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Re: Stretchy equal sign for commutative diagrams

From: Patrick Ion <ion@ams.org>
Date: Tue, 26 Mar 2013 11:13:12 +0200
Message-ID: <515166A8.8010402@ams.org>
To: Frédéric WANG <fred.wang@free.fr>
CC: www-math@w3.org
Dear Frédéric,

I would agree heartily with what Ross says about the semantic marking of
arrows in commutative diagrams.  The extra long equals that is used from
time to time, often just to straighten up other arrows by essentially
duplicating a node (say to make a square out of a triangle), doesn't seem
to me essential.  Of course, the equal sign actually introduced by Robert
Recorde had by present-day standards very long bars,  say about 5 times
longer than today, i.e. 8em or more---see
http://www.jstor.org/discover/10.2307/27955396?uid=3738128&uid=2&uid=4&sid=21102045047697

It could be argued that there should be a character for a stretchy double
arrow body (without a head), but we have never been able to get the
idea of a full arrow kit adopted, although it would be much more flexible.
By this I mean the arrow equivalent of the piece collections for stretchy
parens, brackets etc.  That and a consistent use of direction-changing
operators generalizing the bidi one in Unicode, to say a dihedral group
of order 16, would have greatly reduced the number of characters needed,
increased flexibility, and could have simplified implementation.  

In general though, I'd suggest that a combination of SVG for larger
diagrams and MathML for equational decorations (the whole possibly to be
viewed as a math object) should be the way to go.  This applies to
operators in cartouches, such as occur in some algebraic papers, and I'd
say to such things as braid group calculations, although there are now
fonts for them around, I think.

There are going to come situations where there are active three- or
more-dimensional commutative diagrams being bandied about, I guess.
Spectral sequences and associated lemmas (e.g. 5- and 9- et al.) and the
sort of triangles used in contexts with derived functors like, say,
Kashiwara's also make for difficult composition, but I can imagine
wanting to set up dynamic illustrations of calculations with them
featuring waves of changes across the diagram as more and more becomes
clear when the required special cases of general rules are reckoned.
After all that's how the results are actually worked out, so that would
just be a little more fancy example of the injunction to `show your
work'.  But we don't yet have a markup that is clearly well-suited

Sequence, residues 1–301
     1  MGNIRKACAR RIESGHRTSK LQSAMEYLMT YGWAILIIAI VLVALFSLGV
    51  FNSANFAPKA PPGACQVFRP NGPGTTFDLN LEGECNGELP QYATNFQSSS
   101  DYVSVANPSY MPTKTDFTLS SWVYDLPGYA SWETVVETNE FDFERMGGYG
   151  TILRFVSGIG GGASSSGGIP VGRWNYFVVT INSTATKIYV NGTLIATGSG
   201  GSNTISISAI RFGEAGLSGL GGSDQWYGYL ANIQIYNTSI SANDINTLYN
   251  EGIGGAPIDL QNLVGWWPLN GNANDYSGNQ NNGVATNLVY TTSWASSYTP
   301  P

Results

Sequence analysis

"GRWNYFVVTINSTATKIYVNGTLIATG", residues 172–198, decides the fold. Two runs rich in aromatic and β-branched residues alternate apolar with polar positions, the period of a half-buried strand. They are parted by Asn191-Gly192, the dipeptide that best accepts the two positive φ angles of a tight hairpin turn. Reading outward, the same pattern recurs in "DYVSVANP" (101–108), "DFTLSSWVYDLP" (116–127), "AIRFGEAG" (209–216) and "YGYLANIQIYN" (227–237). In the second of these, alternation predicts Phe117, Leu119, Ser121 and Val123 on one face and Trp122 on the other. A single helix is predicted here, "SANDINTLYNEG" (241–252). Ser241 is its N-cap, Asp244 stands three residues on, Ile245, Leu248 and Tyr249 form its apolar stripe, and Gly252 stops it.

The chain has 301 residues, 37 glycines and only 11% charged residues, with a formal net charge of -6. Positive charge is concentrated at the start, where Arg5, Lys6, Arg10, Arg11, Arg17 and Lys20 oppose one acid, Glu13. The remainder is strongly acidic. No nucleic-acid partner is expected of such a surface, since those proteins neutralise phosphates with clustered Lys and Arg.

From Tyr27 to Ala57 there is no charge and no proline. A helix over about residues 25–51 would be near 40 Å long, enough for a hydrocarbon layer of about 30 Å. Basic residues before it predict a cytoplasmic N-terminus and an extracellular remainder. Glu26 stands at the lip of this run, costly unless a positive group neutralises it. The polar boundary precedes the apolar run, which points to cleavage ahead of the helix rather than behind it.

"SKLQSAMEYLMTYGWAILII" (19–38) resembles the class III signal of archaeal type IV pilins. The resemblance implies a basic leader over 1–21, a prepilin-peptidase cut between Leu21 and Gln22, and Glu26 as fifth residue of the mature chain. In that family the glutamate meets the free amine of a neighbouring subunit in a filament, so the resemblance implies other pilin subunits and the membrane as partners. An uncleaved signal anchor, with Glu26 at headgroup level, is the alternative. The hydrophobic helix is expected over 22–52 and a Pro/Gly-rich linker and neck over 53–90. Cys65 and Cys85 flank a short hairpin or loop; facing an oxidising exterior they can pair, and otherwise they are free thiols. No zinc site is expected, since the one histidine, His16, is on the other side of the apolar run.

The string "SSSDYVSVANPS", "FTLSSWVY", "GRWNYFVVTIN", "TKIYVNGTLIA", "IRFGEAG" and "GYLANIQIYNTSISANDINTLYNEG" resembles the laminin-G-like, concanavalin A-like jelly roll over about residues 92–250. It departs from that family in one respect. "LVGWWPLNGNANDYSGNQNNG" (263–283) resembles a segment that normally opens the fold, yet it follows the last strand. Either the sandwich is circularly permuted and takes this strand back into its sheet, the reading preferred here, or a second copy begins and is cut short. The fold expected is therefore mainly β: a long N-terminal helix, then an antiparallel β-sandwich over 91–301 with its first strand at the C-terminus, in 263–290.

to these situations, so there's no implementation problem.

I applaud with enthusiasm your important continued push to implement
more of MathML right. The Math WG is deeply in your debt, but it's
no doubt the benefit to the math community that's most significant.

All the best,

Patrick

On 3/25/13 10:50 PM, Frédéric WANG wrote:
> Hi Ross,
>
> Thanks for you feedback.
>
> I should say that I'm considering the AMScd package, so very basic
> commutative diagrams. For more complex diagrams, I don't think it's a
> good idea (or even possible) to use pure MathML but it's better
> instead to rely on SVG for the graphical elements. IIUC, that's what
> does XyJax (Xy-pic package for MathJax) or another package being
> developed for LaTeXML.
>
> AMScd only implements diagrams with vertical/horizontal arrows. So
> here we can just use a table with stretchy operators inside. All
> arrows and bars usable in AMScd are already defined stretchy in the
> MathML operator dictionary. Only the case of the equal sign is not
> clear, thus my message.
>
> On 25/03/2013 21:34, Ross Moore wrote:
>> Hi David, and others.
>>
>> When designing and developing Xy-pic, many years ago, we decided that
>> the most convenient representation was putting an '=' as a label
>> above a single line, with all the stretchiness being in the line.
>> This fits with labeling using other characters for different special
>> meanings.
>> Authors can choose to use a double line, if they like, but although
>> the spacing between the lines can be controlled, there is no easy way
>> to match it to the actual separation of a specific font character.
>> The syntax to use a double line is quite different to that of placing
>> a single character.
........
Received on Tuesday, 26 March 2013 09:16:17 GMT

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